The world of news is complex – and false stories and images are often widely shared on social media. Blasting News’s editorial team spots the most popular hoaxes and misleading information every week to help you discern truth from falsehood. Here are some of the most shared false claims of this week, of which none are legit.


It is false that a supermarket used a fence to separate vaccinated and unvaccinated people

False claim: Social media users have shared images of a supermarket aisle separated by a metal and plastic fence, along with the claim that it would serve to separate the flow of vaccinated and unvaccinated customers inside the store. Some of the posts claim that the images were taken in Germany, and some others in Austria.


  • Contrary to what is circulating on social media, the images were recorded at a branch of the German Kaufland supermarket chain located in a shopping mall in Romania.
  • The fence that appears in the images serves to separate the supermarket – considered an essential shop – from the rest of the shopping mall – considered non-essential.
  • Since last October, Romania allows only holders of the so-called “green pass” to have access to non-essential shops. The document is issued to those who have been vaccinated, have a PCR or antigen test done within the last 48 hours, or have recovered from COVID-19 within the last 180 days.
  • Those without the document can only access essential shops, such as supermarkets and pharmacies.


Switzerland has not approved an assisted suicide pod

False claim: Social media users have shared information that Swiss health authorities reportedly approved an assisted suicide pod.


  • The information that Swiss health authorities approved the pod began circulating on the web after a December 6 article from Swissinfo carried the following headline: “Sarco suicide capsule 'passes legal review' in Switzerland.”
  • The quoted words in the headline, however, referred to a comment from Philip Nitschke, creator of the capsule, about his company’s internal legal review.
  • On December 8, Swissinfo issued an apology and changed the headline of the article to: “Sarco suicide capsule hopes to enter Switzerland.”


Anthony Fauci did not say he wants Americans to get 4 COVID-19 shots each year

False claim: Social media users have shared a screenshot of an article claiming that Dr.

Anthony Fauci has reportedly said he wants Americans to get four COVID-19 vaccine shots every year.


  • The article shared on social media, which quotes an alleged anonymous source, was published on a site called Real Raw News. The website’s “About Us” page features a disclaimer saying it contains “humor, parody and satire.”
  • There is no record of Fauci saying that he wants the American population to get four doses of COVID-19 vaccine per year. Fauci's only recent statement regarding vaccines was made on November 23, when he said that a majority of Americans who have been vaccinated against COVID-19 should get a booster.

United Kingdom

Boris Johnson’s mother did not call him “an idiot with no common sense”

False claim: Post shared on Facebook claims that Charlotte Johnson Wahl, the late mother of British Prime Minister Boris Johnson, reportedly said her son is “an idiot with no common sense” and that she hoped “he never goes into politics.”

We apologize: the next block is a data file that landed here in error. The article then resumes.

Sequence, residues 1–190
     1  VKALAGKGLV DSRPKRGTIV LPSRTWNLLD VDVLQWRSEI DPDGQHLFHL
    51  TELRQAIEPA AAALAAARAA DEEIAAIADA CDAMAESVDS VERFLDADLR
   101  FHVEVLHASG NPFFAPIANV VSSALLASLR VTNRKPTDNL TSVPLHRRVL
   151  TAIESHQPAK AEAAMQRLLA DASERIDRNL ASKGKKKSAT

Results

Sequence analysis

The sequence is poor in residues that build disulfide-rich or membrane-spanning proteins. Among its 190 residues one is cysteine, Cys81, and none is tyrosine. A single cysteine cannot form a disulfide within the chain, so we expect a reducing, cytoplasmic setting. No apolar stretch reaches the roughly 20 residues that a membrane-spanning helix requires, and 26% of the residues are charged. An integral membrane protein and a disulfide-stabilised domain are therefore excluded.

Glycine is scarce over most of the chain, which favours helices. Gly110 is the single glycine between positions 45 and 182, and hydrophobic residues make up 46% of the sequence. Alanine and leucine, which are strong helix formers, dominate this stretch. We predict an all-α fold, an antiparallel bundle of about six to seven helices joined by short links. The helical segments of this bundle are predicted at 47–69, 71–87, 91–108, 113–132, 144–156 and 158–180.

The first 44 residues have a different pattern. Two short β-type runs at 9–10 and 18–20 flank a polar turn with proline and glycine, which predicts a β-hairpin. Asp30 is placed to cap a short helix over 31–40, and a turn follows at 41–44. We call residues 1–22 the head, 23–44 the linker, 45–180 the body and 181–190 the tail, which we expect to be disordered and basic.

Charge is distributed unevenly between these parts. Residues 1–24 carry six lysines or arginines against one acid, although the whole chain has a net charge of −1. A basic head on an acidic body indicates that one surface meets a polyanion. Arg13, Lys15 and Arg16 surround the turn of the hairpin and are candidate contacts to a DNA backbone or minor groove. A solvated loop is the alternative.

• Although the image that illustrates the post actually shows Charlotte Johnson Wahl – who died in September – alongside Boris Johnson, there is no record she ever said the quotes circulating on social media.
  • A similar version of the same quotes has circulated on social media in 2019, attributed to Mary Anne Trump, the late mother of former President Donald Trump, which was also debunked at the time.


Video does not show an actual Belt and Road train from China

False claim: Social media users in China have shared a video alongside the claim that the clip shows a train with more than 100 carriages going from China to Europe as part of China's trillion-dollar infrastructure project Belt and Road Initiative.


  • A reverse image search shows that the same video was published on September 21, 2021 on a YouTube channel called Daffa Railfans ID, which posts digital train simulations using the game “Trainz Railroad Simulator 2019.”
  • China’s Belt and Road Initiative involves a massive infrastructure push to link China to several regions in the world.


Uganda’s Entebbe International Airport was not renamed China International

False claim: Facebook users in Africa shared an image of the facade of Uganda’s Entebbe International Airport with an alleged sign that reads: “Welcome to China EBB International Airport.”


  • A reverse image search shows that the photo shared on social media was doctored. In the original image, taken by photographer Sumy Sadurni and published on CNN's website in March 2020, the sign reads: “Welcome to Entebbe International Airport”.
  • In a post on its official Twitter account, the Uganda Civil Aviation Authority (UCAA) claimed that the image circulating on social media is “fake.” In a statement, UCAA also claimed: “Government cannot give away a national asset like an international airport … It has not happened and is not going to happen.”
  • In 2017 Uganda received a $207 million loan from China’s Export-Import Bank to expand Entebbe airport. The false claim circulating on social media comes after reports in the local press that the airport would be taken over by China after the Ugandan government defaulted on the loan agreement, which is denied by the local authorities.